There’ve been more developments regarding the radio industry’s potential plans for “modernizing” the AM band. Radio World reported last month that the NAB’s Radio Technology Committee and CBS have selected an unnamed AM station “in an area that could be characterized as a medium-sized market” to be a guinea pig for all-digital AM-HD Radio test broadcasts.
This is the first of “three or four” AM stations that may be tapped to test the all-digital protocol. The experiments are likely to be done by an “outside engineering contractor” and primarily financed by HD’s developer, iBiquity Digital Corporation. They could begin before the end of the year.
This is but one option for the future of AM broadcasting detailed in a confidential report produced by the NAB – a report that is unlikely to ever see the light of day. The trade group justifies the secrecy by characterizing the report as “extremely technical and would need to be explained and/or possibly watered down for consumption by non-engineers.” Furthermore, meetings on this issue will remain closed to the public, for if they were open, “no one would feel free to participate and no work would be accomplished,” according to a Radio World source.
Meanwhile, Republican FCC Commissioner Ajit Pai delivered a keynote address at the annual NAB Radio Show, held in Dallas in September, in which he mentioned the dilemma of AM broadcasting in the U.S. He’s met with broadcasters more than two dozen times since he took office in May. Most notably, Pai called for the creation of an “AM Revitalization Committee” at the FCC. In addition to a comprehensive review of AM broadcast rules, Pai suggested a year-long timetable for deciding the future of AM, calling for a plan of action by “early 2014.”
Pai is a neoliberal fundamentalist who believes regulation in and of itself is a scourge that inhibits the functioning of the “free market.” Thus it’s not surprising that he believes the FCC’s role is to assist broadcasters in whatever plans they have for the future of AM, as opposed to facilitating the thinking about and implementation of solutions.
This is a dangerous paradigm, but unfortunately it reflects the modus operandi of contemporary broadcast policymaking at the FCC. One need look no further than the development and deployment of HD Radio itself. The technology was developed mostly in secret by broadcast-investors, who refused to take into consideration the larger concerns of their industry as a whole. By the time development and testing had been completed, and the FCC was petitioned to adopt the standard, most broadcasters (in the individual, flesh-and-blood sense) had no idea how functional HD Radio really might be, and many who did have some foreknowledge were skeptical.
As the record shows, this lack of transparency during HD’s development poisoned the policymaking environment and trade press. There was massive consternation among independent (i.e., non-iBiquity investor) broadcasters and the public about HD’s fundamental viability, not to mention its profound effects on the future potentiality of digital radio broadcasting itself. However, by that point the FCC had already effectively made up its mind on HD by opting out of any active role in the technology’s development and plans for rollout.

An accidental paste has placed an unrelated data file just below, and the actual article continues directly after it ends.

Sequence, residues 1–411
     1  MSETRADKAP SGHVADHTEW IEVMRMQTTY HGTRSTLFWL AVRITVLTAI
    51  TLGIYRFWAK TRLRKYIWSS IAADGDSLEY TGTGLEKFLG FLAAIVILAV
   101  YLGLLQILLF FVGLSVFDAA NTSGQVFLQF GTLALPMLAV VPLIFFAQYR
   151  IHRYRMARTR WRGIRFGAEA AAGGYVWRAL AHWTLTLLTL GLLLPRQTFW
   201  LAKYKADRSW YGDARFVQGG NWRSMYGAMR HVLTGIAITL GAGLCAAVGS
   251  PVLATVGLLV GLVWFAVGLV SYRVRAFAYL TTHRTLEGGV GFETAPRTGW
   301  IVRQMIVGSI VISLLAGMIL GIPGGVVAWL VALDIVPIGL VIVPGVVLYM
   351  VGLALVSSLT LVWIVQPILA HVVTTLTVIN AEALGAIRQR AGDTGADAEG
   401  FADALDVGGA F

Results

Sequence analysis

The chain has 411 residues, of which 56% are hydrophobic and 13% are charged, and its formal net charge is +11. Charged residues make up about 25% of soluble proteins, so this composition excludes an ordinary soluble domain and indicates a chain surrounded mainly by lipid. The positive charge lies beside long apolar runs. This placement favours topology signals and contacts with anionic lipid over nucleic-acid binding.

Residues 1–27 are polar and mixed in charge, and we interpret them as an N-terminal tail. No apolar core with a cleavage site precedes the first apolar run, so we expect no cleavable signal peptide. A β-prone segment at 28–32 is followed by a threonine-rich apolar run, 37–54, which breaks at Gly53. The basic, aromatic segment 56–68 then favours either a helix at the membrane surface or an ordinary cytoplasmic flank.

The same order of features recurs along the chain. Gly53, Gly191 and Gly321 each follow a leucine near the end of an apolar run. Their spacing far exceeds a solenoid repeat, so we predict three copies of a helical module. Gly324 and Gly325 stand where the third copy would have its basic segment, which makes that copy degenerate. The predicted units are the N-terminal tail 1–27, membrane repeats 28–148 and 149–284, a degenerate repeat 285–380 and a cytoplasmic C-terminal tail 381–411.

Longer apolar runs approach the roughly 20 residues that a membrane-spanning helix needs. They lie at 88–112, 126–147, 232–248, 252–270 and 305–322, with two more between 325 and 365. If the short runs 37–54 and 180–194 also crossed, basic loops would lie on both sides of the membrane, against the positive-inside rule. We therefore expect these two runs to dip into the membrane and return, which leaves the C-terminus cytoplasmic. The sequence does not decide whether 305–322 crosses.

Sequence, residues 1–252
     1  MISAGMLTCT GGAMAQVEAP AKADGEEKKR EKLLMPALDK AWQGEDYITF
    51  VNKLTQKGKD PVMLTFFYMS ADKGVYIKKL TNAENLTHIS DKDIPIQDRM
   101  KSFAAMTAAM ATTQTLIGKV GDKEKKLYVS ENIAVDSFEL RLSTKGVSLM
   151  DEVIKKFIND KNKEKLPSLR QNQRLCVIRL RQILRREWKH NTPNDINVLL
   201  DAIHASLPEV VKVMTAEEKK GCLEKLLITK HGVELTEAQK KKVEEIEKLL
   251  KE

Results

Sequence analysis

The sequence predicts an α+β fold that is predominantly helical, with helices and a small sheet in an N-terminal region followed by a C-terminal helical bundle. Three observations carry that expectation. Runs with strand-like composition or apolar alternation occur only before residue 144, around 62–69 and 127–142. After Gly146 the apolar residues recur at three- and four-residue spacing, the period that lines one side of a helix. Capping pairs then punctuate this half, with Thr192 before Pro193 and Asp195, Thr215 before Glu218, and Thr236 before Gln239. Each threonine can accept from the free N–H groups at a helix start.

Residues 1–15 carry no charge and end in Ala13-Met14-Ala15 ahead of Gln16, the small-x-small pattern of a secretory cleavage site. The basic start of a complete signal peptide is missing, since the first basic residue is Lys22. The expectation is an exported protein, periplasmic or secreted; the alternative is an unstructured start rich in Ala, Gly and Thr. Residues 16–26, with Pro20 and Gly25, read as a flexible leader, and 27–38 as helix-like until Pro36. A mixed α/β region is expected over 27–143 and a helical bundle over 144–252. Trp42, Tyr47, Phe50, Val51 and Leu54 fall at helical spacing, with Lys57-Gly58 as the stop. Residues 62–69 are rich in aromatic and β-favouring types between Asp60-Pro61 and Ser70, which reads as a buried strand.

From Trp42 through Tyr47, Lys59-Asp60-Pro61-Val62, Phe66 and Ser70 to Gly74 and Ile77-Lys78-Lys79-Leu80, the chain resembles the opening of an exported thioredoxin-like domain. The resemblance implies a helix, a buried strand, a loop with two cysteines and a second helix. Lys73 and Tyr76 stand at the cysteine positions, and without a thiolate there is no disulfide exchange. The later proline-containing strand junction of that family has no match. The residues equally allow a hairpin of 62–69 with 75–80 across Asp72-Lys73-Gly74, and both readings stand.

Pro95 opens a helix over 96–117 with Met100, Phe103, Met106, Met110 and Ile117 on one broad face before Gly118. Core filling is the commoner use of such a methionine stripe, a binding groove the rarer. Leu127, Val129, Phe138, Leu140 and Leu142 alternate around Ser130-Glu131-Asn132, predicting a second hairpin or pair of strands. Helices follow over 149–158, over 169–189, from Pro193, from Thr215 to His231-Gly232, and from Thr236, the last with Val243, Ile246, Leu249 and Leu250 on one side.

The FCC’s calculus for making this constitutive decision was simple: a small group of companies that controlled the vast majority of the radio industry’s revenue supported the technology, as did NPR. If the largest political and economic players in the world of radio broadcasting, both commercial and noncommercial, thought it was good, it must be good for everyone.
As we have seen over the last ten years, this assumption was incorrect. Broadcaster and listener indifference/resistance to HD Radio would seem to suggest that responsibly formative media policy cannot be made in a neoliberal vacuum. Yet more of the same will likely decide the fate of the mediumwave band.
It will be another fait accompli: the NAB and the nation’s largest corporate AM broadcasters will do “careful and thorough research” on the future of AM. NPR will sign on because it’s desperate to not be marginalized. Their “carefully vetted” conclusions which are “too complicated” for anyone but them to validate will be duly accepted by the FCC. Any public deliberation of the issue – inside the regulatory sphere or otherwise – will be garnish to provide the patina of due process to decisions that are being made now, to which all broadcasters and listeners should have a part.
Commissioner Pai’s call for an “AM Radio Revitalization Initiative” suggests the skids are already well-greased. The FCC’s role in crafting the future of AM is to get out of the way. Pai suggested the Initiative be guided by “one basic question: are there regulatory barriers we can remove to help this sector rebound?” Calls for the widespread dismantling of regulation is neoliberal code for “let the marketplace decide.” If Pai and the FCC continue to mistake their conception of “the marketplace” as representative of everyone affected by the future of AM, the outcome of this important process will be suboptimal to say the least.
The key to avoiding this outcome is transparency. The NAB should release its report and Pai should make sure future deliberations take into proper account of the perspectives of all constituencies, regardless of their political and economic weight in the discussion. Making good policy on the future of AM radio calls for no less.